Lets examine some of the fallacies of this argument.

* The false equation. Many argue that we must give up privacy to ensure security. But no one argues the opposite. We needn’t balance the costs of surveillance over privacy, because rarely banning a security measure protects privacy. Rather, protecting privacy typically means that government surveillance must be subjected to judicial oversight and justification of the need to surveil. In most cases privacy protection will not diminish the state’s effectiveness to secure itself.

* The deference argument. Security advocates insist that the courts should defer to elected officials when evaluating security measures. But when the judiciary weighs privacy against surveillance, privacy almost always loses. Unless the security measures are explored for efficacy they will win every time, especially when the word terrorism is invoked. The courts must take on a more active role to balance the interests of the state and its citizens.

* The war time argument. Security proponents argue that the war on terror requires greater security and less privacy. But this argument is backwards. During times of crisis the temptation is to make unnecessary sacrifices in the name of security. In the United States, for example, we saw that Japanese-American internment and the McCarthy-era witch-hunt for Communists was in vain. The greatest challenge for safeguarding privacy comes during times when we are least inclined to protect it. We must be willing to be coldly rational and not emotional during such times.

We are often told that if you have nothing to hide, you have nothing to fear. This is the most pervasive argument the average person hears. But isn’t privacy a little like being naked? We might not be ashamed of our bodies but we don’t walk around naked. Being online isn’t so different. Our virtual selves should be as covered as our real selves. It’s a form of personal sovereignty. Being seen should require our consent, just as in the real world. The state has no business taking up the role of Peeping Tom.

I firmly believe that the state has a right and a duty to secure itself. And I equally believe that its citizens are entitled to those same rights. Citizens are part of the national security infrastructure. They conduct business; they share information; they are the benefactors of democratic values. Privacy rights are what, amongst others, separate us from the rule of tyrants. To protect them is to protect and preserve democracy. It is a fight worth dying for, as so many have done before us.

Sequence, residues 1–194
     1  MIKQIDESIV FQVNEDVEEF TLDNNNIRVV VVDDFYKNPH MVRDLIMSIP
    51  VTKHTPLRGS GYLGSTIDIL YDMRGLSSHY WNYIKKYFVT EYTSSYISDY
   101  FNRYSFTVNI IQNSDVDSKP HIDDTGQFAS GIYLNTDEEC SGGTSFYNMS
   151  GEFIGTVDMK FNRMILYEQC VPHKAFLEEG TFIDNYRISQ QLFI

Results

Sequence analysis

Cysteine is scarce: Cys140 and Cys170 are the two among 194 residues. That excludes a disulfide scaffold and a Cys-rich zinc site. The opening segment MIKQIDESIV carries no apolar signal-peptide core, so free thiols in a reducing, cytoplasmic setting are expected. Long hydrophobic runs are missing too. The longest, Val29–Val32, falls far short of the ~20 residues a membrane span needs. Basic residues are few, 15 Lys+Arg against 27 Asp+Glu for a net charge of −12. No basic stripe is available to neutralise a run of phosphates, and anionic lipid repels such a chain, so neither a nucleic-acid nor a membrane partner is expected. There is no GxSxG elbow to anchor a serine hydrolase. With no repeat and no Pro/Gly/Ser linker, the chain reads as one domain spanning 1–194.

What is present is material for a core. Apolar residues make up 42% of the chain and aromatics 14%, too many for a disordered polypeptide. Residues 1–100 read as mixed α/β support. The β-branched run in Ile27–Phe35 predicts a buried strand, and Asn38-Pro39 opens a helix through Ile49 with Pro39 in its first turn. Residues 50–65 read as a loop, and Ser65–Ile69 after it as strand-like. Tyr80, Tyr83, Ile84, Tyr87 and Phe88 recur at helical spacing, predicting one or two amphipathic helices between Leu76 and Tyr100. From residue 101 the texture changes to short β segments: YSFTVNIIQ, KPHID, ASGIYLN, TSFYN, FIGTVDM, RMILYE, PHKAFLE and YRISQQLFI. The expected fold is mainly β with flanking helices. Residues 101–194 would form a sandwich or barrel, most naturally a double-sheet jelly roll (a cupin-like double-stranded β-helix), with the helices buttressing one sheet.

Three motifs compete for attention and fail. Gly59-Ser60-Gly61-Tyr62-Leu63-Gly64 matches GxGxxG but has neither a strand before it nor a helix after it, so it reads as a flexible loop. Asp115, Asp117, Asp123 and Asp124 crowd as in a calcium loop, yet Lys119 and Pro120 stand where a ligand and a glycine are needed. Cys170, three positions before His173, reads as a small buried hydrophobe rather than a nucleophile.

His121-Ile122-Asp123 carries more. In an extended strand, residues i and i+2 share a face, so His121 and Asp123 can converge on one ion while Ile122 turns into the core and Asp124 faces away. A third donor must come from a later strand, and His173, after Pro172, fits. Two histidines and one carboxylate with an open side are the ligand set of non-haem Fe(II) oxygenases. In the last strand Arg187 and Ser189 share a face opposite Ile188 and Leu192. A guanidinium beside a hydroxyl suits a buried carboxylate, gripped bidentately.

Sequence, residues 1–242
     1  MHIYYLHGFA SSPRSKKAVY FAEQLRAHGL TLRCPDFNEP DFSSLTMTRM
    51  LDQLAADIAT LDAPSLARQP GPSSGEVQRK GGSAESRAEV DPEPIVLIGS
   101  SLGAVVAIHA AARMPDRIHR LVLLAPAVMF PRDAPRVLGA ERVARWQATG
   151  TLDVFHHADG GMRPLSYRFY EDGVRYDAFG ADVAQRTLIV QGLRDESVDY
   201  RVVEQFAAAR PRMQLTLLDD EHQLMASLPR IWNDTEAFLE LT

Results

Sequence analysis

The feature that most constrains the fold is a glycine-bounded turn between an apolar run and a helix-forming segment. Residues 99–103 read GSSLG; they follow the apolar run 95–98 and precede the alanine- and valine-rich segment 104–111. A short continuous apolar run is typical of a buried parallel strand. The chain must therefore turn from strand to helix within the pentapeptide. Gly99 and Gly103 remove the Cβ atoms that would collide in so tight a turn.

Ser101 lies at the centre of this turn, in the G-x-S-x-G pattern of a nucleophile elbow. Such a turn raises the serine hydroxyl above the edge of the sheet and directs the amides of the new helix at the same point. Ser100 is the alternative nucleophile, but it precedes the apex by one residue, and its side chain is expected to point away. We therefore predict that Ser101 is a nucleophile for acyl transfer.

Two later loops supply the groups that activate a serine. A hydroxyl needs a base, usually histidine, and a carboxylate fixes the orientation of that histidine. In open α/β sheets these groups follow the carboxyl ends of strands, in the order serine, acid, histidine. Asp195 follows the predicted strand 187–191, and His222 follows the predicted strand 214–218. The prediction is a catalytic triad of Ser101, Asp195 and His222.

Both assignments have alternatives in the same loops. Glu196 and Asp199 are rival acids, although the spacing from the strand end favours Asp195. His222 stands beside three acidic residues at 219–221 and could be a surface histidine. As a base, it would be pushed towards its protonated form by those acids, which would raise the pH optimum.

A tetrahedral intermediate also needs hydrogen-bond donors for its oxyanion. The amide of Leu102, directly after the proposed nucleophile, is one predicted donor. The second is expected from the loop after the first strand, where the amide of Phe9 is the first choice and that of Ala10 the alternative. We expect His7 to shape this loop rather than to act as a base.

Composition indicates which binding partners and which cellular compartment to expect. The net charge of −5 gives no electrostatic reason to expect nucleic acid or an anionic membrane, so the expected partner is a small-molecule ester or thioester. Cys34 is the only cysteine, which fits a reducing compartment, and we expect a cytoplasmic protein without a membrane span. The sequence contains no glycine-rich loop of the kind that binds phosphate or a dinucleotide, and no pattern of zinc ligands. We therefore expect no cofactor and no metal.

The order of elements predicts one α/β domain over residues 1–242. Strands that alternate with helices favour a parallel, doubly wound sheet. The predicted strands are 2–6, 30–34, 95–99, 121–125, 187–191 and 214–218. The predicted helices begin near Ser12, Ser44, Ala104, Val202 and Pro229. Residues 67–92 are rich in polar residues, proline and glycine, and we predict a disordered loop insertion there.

Thank you.

Oxblood Ruffin

You can follow Oxblood on Twiitter @Oxbloodruffin

Blogosphere, Linux, productivity, Technology and Software, tricks

cURL – Swiss Army Knife for Web Sites

Lately, I have been using cURL a lot to diagnose & get more information about web pages download times, header information, automation of such tasks etc. Therefore I thought some of the very useful but not so obvious usage of cURL.

first of all, if you want to download a copy of a page to a local file, you can use

curl http://www.example.com -o local_copy.htm

If you don’t want to neccessarily download the file but only want to see response headers, you can do

curl -I http://www.example.com

If the web site is returning a redirect, 30x HTTP response code, you can ask curl to follow the redirect for example

curl -IL http://www.example.com

You can specify multiple URLs to curl as part of pattern for instance:

curl -I http://{www,play,sawaal}.ibibo.com

Output:

[1/3]: http://www.ibibo.com –> <stdout>
–_curl_–http://www.ibibo.com
HTTP/1.1 200 OK
Date: Thu, 30 Jun 2011 18:19:05 GMT
Server: Apache
Vary: Accept-Encoding
ServerID: Myibibo-34
Content-Type: text/html

[2/3]: http://play.ibibo.com –> <stdout>
–_curl_–http://play.ibibo.com